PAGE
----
That the Dead May Rise

Scripture: John 11:1-45

Let us pray:

Breathe on us, Breath of God, that we may live; may the words of my mouth and the meditations of my heart be acceptable to you, O Lord our Rock and our Redeemer. Amen.

Recall from last week that in the Gospel of John, the emphasis on miraculous works performed by Jesus is on the meaning behind them; anytime we come across the word “sign” or “signs,” sehmeia, (Greek) we know something more important than the miracle is going on. As I quoted from Karoline Lewis last week, typically they appear in the text like this:

“Jesus performs a sign which is followed by dialogue and then commentary from Jesus that provides the theological framework through which to interpret the meaning of the sign. … as [a] sign, it points to something beyond itself, to what an encounter with Jesus signifies.”[1]

Reading today’s passage I find myself utterly challenged. In my opinion, nothing is more permanent, more messy, more agonizing than losing those we love in death. We lose those we love, never to see them again; never to hold them again, never to love and be loved again.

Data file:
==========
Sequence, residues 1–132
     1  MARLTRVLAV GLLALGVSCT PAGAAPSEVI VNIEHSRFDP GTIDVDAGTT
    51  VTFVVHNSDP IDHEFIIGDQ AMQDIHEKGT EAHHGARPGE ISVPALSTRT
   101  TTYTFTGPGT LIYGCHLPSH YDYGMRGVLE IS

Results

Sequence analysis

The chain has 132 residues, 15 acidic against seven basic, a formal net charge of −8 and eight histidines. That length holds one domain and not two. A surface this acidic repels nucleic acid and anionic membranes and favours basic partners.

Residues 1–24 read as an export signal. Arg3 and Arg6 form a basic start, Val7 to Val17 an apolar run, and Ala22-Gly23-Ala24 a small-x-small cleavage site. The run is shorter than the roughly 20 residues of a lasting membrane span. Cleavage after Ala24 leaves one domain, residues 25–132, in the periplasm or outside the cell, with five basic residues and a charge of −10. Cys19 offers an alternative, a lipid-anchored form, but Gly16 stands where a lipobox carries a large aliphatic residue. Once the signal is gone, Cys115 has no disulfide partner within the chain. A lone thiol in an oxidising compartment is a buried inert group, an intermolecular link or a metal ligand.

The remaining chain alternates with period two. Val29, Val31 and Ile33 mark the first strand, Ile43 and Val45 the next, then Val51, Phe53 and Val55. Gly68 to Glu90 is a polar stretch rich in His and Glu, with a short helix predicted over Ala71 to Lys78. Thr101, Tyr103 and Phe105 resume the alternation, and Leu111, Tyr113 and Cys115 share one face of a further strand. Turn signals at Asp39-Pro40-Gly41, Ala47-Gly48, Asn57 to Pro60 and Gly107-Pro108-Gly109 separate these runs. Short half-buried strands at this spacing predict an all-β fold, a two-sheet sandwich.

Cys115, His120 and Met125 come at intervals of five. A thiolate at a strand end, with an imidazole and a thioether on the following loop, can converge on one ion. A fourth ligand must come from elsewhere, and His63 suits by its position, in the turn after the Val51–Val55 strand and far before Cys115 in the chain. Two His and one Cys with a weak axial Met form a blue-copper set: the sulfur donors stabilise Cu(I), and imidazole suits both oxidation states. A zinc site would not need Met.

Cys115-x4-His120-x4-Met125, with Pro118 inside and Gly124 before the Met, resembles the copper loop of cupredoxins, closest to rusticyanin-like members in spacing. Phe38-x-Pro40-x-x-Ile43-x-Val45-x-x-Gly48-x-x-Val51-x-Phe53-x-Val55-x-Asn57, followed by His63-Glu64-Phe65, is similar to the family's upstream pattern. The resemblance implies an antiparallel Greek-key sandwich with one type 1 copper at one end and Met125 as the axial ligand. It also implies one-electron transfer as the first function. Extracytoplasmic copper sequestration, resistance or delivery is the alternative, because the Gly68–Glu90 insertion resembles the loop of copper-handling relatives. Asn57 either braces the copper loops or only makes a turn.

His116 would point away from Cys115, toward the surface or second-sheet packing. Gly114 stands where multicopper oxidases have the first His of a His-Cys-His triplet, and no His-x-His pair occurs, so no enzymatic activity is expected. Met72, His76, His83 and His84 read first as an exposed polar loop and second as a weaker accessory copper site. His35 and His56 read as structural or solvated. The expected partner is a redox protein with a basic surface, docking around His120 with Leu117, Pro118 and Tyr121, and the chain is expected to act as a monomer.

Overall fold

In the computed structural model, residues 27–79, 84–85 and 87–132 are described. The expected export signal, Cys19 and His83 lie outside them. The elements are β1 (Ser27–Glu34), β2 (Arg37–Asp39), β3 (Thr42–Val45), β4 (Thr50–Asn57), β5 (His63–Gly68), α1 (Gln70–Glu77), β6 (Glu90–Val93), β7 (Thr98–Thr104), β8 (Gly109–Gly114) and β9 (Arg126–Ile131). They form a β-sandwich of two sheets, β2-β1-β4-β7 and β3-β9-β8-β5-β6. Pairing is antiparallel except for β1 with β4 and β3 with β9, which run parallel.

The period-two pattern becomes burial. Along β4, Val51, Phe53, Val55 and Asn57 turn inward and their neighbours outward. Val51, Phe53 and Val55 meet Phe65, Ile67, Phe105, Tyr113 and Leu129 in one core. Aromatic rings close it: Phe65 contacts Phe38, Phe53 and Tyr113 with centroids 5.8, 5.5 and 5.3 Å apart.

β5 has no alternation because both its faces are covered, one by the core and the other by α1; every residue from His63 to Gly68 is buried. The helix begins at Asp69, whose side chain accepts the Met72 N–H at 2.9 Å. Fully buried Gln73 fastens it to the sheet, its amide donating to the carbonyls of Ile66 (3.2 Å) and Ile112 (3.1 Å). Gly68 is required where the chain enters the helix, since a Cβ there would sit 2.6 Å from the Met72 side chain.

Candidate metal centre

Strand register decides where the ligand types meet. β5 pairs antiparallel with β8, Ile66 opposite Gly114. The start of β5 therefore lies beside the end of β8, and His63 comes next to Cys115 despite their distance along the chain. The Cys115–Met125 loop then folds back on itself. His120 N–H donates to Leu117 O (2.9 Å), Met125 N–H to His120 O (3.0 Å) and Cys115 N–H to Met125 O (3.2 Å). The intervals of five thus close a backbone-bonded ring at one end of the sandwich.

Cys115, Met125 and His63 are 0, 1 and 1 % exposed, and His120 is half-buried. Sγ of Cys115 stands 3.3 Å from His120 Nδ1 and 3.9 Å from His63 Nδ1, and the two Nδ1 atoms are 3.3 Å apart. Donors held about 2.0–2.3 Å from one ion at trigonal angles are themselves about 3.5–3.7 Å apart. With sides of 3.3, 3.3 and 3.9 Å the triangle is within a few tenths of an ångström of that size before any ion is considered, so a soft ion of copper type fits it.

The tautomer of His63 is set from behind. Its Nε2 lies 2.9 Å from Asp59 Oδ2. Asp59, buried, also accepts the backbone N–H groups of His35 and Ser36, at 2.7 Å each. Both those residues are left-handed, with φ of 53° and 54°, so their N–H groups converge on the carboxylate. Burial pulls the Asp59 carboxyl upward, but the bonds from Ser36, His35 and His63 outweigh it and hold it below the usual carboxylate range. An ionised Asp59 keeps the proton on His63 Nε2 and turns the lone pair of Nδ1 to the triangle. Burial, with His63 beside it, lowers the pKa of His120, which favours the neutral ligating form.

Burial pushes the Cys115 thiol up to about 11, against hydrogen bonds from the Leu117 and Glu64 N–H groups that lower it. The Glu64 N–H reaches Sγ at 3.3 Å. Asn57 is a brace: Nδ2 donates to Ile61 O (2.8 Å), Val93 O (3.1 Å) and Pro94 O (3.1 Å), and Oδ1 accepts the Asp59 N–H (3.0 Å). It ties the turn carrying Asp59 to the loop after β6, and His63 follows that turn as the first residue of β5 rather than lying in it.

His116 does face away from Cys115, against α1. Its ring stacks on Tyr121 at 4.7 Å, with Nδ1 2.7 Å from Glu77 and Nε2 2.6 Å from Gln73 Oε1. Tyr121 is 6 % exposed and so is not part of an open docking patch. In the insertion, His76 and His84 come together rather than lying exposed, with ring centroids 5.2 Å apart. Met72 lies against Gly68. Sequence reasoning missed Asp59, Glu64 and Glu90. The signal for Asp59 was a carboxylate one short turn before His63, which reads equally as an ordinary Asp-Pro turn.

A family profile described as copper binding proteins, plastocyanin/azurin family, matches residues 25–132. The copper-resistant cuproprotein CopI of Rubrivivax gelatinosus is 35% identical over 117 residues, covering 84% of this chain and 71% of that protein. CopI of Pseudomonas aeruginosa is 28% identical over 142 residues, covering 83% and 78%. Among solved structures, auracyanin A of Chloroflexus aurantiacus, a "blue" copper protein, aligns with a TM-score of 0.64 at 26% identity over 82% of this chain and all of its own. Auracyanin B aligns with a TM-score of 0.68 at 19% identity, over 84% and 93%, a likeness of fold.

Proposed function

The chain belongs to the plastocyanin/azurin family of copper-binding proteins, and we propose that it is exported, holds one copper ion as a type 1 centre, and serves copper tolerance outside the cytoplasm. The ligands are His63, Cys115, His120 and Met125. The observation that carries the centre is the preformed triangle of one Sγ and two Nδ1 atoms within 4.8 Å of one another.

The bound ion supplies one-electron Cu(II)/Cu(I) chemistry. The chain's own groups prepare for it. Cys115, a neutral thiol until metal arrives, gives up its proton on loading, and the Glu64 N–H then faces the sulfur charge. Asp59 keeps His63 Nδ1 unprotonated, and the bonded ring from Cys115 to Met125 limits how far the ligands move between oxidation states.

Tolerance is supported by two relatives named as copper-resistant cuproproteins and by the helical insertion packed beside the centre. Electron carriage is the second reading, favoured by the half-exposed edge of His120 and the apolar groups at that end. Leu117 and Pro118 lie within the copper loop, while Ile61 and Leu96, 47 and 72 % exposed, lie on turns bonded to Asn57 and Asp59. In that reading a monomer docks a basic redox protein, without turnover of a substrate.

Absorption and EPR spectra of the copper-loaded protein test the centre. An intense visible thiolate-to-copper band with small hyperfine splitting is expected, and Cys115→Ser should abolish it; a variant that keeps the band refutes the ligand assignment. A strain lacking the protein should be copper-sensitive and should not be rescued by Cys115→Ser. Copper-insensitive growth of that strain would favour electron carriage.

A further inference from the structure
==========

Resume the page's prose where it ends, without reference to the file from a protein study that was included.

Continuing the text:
It is true that in their society at that time, losing their brother meant more than loss of family, it most likely meant loss of livelihood as well, for the man or men of the household provided for the women. Without Lazarus, Mary and Martha would have been destitute-perhaps even included along with the widows and orphans for whom greater Hebrew society, as able, would have to care for.

Granted, the full sign performed here is not that Jesus waits and allows Lazarus, a dear friend of his to die, or that Jesus allows Mary and Martha to enter into deep mourning. The full sign performed by Jesus includes his presence, praying aloud before the sisters and the community and calling Lazarus back out of the tomb – with the breath of life returned to him!

To Mary and Martha, who have just lost their brother, Lazarus’ death and resurrection is itself is a sign pointing to something beyond that even, yet they don’t really understand it. I don’t quite understand it either; Mary and Martha are supposed to somehow spiritualize their experience of the death and resurrection of Lazarus as a sign?”

Jesus even tells them why: “I am the resurrection and the life,” he says. Why does this challenge me so much? In the world I live in, loosing someone like that doesn’t end in a resurrection miracle returning them to me whole and well again. When they die, they stay dead. Even as a story in the Bible meant to teach me something, I find playing with life and death very difficult just for the purpose of some sort of “awakening to spiritual life” moment..

Even after years of readjusting to life without a loved one, sometimes it is still hard to embrace life, filled as it is with arrivals and departures, births and deaths, finding a great love and losing it, chasing dreams and having them dissolve into the mists of time. For me it is particularly challenging to put belief in this text to practice in my real world life.